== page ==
Energy cost savings are achieved through analysis of data gathered by the LightRules system, which measures key metrics such as localized energy use in an aisle, zone or room; occupancy patterns; and the temperature across the facility. Managers also have access to an interactive map of their facility that offers up insights such as high lighting-use areas, where daylight light is harvested most, peak activity times, and projected monthly savings that could be realized through various modifications to the lighting program.
As with many technology changes in the workplace, there are behavioral science considerations as well. Workers accustomed to “dumb” lights may need a period of adjustment to cope with an intelligent system, Parker observes.
“It’s a kind of red-carpet effect,” Parker says. “If the lights go on as you enter a room and go off as soon as you pass, it can be disconcerting. So we advise managers to program a two or three minute delay before the lights go off. That can be reduced as people get used to the system.”
Intelligent lights can also be tweaked to coordinate with existing ambient light from outdoor sources, and to dovetail with the circadian rhythms of company staffers.
“With our systems, you can adjust the light intensity and color spectrum to mimic the progression of natural light,” Parker explains. “For example, at the beginning of the day, the lights can be bright and clear white-yellow, like the morning sun. That’s stimulating, energizing light. As the day progresses, the lighting can gradually shift to the warmer, dimmer, more golden part of the spectrum — the part that corresponds to the afternoon sun.”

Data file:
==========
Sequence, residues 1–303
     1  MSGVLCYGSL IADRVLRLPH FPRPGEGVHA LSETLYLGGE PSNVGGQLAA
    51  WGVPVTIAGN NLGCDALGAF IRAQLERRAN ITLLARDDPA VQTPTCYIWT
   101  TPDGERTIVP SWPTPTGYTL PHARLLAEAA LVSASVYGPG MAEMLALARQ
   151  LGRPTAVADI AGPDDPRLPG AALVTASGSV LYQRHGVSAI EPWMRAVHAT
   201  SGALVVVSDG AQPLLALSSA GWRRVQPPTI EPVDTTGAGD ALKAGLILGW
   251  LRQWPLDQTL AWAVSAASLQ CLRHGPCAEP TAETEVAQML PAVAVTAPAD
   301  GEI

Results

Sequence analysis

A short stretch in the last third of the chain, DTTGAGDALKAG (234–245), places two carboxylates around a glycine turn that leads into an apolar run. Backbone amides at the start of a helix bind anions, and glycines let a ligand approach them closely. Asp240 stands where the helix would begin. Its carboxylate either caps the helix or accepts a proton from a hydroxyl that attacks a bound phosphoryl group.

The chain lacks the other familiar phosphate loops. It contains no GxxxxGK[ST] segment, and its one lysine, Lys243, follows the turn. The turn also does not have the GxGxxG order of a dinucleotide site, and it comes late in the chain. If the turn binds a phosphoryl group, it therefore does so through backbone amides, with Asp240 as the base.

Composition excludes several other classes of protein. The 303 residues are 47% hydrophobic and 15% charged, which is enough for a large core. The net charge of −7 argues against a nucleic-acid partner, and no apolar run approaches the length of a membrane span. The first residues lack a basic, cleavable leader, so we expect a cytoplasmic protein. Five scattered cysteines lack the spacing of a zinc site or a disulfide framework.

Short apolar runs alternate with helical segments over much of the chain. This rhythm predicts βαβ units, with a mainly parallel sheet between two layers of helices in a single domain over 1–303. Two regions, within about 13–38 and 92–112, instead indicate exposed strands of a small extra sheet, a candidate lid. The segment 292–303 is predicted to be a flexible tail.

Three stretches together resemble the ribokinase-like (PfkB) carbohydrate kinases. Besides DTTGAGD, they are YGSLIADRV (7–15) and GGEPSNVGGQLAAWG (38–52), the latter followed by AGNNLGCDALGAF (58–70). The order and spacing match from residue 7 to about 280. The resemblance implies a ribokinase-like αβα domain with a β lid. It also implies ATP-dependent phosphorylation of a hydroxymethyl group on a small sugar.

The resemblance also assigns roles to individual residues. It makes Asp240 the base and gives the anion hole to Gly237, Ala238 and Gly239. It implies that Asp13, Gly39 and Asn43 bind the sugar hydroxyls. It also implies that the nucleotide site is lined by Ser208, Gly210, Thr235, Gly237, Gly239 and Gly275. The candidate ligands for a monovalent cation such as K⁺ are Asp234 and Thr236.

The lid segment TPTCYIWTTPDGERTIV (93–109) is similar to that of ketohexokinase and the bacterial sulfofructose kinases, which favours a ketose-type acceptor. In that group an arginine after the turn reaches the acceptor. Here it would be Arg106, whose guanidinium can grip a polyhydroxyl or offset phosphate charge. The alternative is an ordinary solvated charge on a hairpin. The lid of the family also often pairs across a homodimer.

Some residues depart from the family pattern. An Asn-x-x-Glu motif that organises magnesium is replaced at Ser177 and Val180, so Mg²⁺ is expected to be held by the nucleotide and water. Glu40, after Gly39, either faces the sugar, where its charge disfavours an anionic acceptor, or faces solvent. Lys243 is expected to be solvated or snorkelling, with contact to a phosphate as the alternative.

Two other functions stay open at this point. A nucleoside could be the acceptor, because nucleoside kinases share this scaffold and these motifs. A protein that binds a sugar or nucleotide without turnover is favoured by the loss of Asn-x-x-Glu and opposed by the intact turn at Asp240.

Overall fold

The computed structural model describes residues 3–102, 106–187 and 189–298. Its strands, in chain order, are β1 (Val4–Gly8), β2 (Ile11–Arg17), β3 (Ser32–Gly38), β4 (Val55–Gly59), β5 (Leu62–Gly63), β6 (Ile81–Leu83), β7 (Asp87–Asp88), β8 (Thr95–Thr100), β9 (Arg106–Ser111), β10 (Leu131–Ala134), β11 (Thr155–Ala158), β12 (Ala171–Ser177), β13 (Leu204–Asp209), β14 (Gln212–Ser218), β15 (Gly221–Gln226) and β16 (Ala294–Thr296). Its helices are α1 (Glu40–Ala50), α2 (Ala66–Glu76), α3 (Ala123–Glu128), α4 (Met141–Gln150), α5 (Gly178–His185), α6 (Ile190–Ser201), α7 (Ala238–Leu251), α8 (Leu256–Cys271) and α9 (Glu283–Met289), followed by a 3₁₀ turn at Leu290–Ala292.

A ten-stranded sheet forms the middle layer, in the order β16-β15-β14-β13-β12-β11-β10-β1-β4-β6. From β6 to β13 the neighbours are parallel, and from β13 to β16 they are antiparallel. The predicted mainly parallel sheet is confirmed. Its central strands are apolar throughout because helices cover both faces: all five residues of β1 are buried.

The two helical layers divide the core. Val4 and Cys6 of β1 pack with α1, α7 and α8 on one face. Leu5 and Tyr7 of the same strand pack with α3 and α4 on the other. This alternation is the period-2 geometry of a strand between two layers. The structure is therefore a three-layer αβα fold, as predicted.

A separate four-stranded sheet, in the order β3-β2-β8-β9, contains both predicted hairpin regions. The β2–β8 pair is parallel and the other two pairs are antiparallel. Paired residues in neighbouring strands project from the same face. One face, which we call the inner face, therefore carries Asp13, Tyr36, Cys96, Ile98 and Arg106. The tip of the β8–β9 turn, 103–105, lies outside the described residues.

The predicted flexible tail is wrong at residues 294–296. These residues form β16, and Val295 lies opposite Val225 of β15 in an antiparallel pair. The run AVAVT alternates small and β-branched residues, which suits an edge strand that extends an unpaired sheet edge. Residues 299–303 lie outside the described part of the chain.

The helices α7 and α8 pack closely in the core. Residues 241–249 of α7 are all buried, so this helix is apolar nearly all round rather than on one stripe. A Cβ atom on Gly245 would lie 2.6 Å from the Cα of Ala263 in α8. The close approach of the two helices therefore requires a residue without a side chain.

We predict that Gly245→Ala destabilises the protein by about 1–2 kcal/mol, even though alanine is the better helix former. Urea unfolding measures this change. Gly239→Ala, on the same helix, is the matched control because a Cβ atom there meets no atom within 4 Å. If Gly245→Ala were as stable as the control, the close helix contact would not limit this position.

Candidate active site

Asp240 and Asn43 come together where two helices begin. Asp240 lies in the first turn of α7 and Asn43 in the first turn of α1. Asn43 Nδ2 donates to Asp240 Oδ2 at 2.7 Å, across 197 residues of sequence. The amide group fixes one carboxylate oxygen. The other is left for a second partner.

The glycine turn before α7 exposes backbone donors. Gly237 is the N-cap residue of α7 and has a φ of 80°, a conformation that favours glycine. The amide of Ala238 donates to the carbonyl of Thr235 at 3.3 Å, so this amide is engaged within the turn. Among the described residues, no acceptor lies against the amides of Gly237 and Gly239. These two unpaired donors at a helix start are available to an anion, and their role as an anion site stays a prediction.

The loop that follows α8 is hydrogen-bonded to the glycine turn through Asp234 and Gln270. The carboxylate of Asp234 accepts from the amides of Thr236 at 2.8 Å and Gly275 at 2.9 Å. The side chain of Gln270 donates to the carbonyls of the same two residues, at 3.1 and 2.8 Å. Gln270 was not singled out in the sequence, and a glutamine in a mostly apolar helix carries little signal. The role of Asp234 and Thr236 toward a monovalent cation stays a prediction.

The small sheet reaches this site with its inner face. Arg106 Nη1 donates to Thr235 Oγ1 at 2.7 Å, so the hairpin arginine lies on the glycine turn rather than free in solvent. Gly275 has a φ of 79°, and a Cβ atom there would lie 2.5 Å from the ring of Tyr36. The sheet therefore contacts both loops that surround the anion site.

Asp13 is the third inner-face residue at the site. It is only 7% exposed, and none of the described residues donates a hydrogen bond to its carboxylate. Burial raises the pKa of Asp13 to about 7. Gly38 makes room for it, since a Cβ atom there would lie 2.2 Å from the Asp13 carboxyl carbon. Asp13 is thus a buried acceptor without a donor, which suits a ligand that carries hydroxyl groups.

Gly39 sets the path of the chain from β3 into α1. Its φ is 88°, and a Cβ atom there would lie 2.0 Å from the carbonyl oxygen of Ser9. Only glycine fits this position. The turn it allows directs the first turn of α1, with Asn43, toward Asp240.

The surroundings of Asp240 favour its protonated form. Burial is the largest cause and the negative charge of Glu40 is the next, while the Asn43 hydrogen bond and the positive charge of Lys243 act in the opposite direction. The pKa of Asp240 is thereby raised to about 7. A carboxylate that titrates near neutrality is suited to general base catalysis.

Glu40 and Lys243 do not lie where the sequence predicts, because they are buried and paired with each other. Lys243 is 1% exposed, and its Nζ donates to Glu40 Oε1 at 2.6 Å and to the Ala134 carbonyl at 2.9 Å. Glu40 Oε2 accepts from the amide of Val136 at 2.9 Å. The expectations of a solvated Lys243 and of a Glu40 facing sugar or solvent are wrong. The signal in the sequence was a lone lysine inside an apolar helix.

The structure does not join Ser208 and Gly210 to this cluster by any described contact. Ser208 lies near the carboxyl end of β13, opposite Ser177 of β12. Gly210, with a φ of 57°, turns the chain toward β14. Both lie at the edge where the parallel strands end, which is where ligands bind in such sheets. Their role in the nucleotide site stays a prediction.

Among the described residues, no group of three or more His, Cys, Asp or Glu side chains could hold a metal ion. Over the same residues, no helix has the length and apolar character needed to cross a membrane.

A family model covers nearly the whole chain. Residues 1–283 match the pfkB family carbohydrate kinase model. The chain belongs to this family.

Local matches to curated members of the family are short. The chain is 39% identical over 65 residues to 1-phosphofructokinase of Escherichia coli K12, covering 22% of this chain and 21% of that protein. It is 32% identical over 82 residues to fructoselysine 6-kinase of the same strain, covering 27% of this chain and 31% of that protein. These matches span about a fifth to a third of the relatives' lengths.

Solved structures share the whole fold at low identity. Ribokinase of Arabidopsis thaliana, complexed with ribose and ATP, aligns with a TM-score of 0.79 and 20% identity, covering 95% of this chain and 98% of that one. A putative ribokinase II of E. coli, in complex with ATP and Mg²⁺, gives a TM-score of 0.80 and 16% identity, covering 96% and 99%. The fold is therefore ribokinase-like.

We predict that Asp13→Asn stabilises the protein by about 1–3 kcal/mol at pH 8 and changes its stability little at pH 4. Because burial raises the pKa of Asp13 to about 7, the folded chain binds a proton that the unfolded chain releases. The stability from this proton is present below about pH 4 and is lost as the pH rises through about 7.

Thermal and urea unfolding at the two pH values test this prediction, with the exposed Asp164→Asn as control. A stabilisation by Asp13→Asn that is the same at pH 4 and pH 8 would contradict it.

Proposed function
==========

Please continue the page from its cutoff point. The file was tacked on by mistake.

Further, intelligent lights can preserve more than your sense of well-being.
“Vaccines, beer, produce and meat can degrade under high UV lights,” says Parker. “So, you might adjust your lights to express more UV in the workplace, but minimize it where susceptible products are stored.”
Intelligent lighting has just begun making inroads into the economy. That presents great opportunities, in that there’s a lot of low-hanging fruit waiting to be picked. But it also poses challenges. For one thing, most executives simply don’t understand the full significance of lighting to their bottom lines.
“If you’re a technophile, it can be easy to forget just how un-instrumented large parts of the economy are,” says Parker. “What we’re really talking about is creating a new infrastructure. At this point, the biggest challenge is getting through the financial gauntlet, educating the top people in the commercial and industrial sectors and government so they’re willing to make the necessary investments. That means we’re going to have to frame the message in different ways to tailor it specifically for each segment — Class A office, deep industrial, health care. The data, after all, is unique to each sector, so the ways the message is presented will be different.”
Still, the core of the message — vastly enhanced efficiencies — translates across all sectors, adds Parker. As an example, she cites heavy industry.
“How do you get industrial production to come back to the United States? Practically speaking, by shaving pennies until it makes economic sense. And one of the best ways to do that is through lighting. To a very large degree, once you establish really dramatic energy savings, many other benefits follow.”
But refining messaging isn’t enough, Parker adds: the lighting industry itself must be willing to change.
“Lighting has never had a standards organization,” she says. “We’re not used to changing bits; we’re not really good at playing well with others across broad applications. Obviously, that’s going to have to change. I see the connected world as a wheel, and the lighting industry as a spoke in that wheel — one of many spokes. For that wheel to function properly, all the spokes have to be connected to it, and they all have to work in concert with one another.”